Posts Tagged ‘Klobuchar’

Latest CPSC Action Simply Is Not The Answer

May 5, 2009

Two-Year Stay of Enforcement Doesn’t Solve Problem

Congress Should Fix Poorly-Written CPSIA Law


joedelmont

Joe Delmont

The CPSC’s recent promise not to enforce for two years a legal ban on the sale of kid’s ATVs, dirt bikes and snowmobiles and related parts, garments and accessories just doesn’t cut it. I’m sorry, but the move is woefully inadequate.

The vote Friday by commissioners Nancy Nord and Thomas Moore is simply the latest step in this silly dance between Congress and the Consumer Product Safety Commission. The awkward two-step is called the Consumer Product Safety Improvement Act (CPSIA) that was passed last year.

The dreadful legislative effort bans the sale of toys designed for children ages 12 younger that fail to meet several safety standards. The lead limit is 600 parts per million in parts that are accessible to children. The ban became effective Feb. 10, 2009.

Congress says the law gives the CPSC authority to grant exclusions where appropriate— in the case of brake cables, for example. The CPSC responds by calling the law poorly written, and says it is unenforceable.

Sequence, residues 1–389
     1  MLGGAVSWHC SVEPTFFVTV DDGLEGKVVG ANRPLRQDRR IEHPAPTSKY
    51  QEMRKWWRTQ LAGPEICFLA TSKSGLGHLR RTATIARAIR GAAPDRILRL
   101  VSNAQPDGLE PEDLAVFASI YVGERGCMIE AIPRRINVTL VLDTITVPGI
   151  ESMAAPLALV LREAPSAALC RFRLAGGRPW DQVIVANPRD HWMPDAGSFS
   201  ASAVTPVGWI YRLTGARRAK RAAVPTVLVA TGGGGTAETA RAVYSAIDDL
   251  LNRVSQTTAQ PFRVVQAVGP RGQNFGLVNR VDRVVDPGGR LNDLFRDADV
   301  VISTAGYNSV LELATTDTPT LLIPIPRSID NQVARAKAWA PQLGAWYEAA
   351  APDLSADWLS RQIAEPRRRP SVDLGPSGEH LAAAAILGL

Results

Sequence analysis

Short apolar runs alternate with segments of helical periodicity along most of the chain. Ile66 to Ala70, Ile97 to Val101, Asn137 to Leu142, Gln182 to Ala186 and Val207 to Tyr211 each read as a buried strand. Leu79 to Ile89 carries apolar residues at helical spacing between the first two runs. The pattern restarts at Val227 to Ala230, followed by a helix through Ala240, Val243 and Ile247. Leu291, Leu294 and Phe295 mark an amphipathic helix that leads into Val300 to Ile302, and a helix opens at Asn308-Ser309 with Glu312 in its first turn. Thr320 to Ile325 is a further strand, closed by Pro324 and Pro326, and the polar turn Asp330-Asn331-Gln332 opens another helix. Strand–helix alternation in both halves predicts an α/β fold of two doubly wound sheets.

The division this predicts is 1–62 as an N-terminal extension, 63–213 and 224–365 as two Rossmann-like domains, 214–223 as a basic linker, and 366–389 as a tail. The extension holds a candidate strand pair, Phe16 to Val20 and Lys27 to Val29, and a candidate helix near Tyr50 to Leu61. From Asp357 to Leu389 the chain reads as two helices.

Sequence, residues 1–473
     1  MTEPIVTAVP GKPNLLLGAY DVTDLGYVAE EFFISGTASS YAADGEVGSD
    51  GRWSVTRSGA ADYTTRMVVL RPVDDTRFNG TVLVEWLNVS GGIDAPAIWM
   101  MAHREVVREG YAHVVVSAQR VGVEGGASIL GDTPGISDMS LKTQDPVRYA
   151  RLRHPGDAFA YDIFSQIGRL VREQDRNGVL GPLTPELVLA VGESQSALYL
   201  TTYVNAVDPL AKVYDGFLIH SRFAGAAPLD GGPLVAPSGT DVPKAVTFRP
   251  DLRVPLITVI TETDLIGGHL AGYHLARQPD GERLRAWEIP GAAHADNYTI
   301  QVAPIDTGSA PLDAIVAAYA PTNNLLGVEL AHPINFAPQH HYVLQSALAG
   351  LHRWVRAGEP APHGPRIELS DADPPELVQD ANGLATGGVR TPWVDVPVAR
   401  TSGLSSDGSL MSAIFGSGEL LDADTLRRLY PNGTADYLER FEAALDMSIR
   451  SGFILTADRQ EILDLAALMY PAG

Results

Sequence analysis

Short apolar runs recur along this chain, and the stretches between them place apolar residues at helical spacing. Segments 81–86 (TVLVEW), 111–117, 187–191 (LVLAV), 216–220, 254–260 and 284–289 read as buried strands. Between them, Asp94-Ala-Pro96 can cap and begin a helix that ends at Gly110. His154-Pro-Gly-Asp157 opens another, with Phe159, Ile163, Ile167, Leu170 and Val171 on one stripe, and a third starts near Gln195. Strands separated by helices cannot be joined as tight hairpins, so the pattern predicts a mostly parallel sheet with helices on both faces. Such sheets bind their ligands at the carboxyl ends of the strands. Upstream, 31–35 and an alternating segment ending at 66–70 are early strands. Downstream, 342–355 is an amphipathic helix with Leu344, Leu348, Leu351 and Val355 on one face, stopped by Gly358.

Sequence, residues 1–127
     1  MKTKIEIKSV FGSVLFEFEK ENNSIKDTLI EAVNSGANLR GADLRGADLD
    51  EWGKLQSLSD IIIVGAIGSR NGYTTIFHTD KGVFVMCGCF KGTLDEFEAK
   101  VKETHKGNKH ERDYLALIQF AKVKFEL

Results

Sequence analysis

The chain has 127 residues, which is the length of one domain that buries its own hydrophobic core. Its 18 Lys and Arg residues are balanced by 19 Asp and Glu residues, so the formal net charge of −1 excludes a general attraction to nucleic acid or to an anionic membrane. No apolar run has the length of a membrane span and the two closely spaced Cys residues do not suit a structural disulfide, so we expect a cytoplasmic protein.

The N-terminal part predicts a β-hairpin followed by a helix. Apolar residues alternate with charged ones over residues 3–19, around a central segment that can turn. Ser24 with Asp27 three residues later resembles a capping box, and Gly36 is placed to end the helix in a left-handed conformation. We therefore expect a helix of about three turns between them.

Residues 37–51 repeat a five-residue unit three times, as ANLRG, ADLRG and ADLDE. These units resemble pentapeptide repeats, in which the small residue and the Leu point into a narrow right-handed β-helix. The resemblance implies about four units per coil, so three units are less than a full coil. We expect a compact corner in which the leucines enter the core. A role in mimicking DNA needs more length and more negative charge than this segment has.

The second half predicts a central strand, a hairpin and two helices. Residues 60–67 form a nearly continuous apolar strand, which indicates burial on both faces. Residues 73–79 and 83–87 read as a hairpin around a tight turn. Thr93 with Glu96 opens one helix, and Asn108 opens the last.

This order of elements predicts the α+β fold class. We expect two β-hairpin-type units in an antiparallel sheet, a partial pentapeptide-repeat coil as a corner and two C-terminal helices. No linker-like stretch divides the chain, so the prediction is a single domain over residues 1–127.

Retailers and manufacturers from many industries are caught in the middle.

Today, the situation is in a shambles. Some powersports manufacturers are selling products that have been modified or reclassified for youngsters aged (more…)

One Small Word Ties Up ATV, Motorcycle Industry

March 12, 2009

CPSC Is Hung Up on Terminology In Child Safety Law
Battle Between Agency and Congress Continues

The Devil is in the details, they say, and that seems to be the case in the latest episode in the lingering battle between the Consumer Product Safety Commission (CPSC) and the rest of the world.

Yesterday (March 11, 2009) the CPSC published a final rule covering lead content in toys designed for children aged 12 and younger that virtually slams the door on industry efforts to avoid the foolish ban on kid’s quads, motorcycles and related parts, accessories and apparel items. The ban on kid’s toys was effective Feb. 10, 2009.

It all hinges on the three-letter word “any” that appears twice in the wide-ranging Consumer Product Safety Improvement Act (CPSIA) that became law last August.

The CPSIA was written to protect young children from eating small toys and jewelry that contained excessive amounts of lead, more than 600 parts per million. Good idea, but poor execution. It’s in those little detail thingees.

In its excitement and enthusiasm, Congress got carried away and extended the safety rules to everything from clothing and cribs to ATVs and motorcycles. Sen. Amy Klobuchar (D-Minn.) was one of the leading proponents of the bill.

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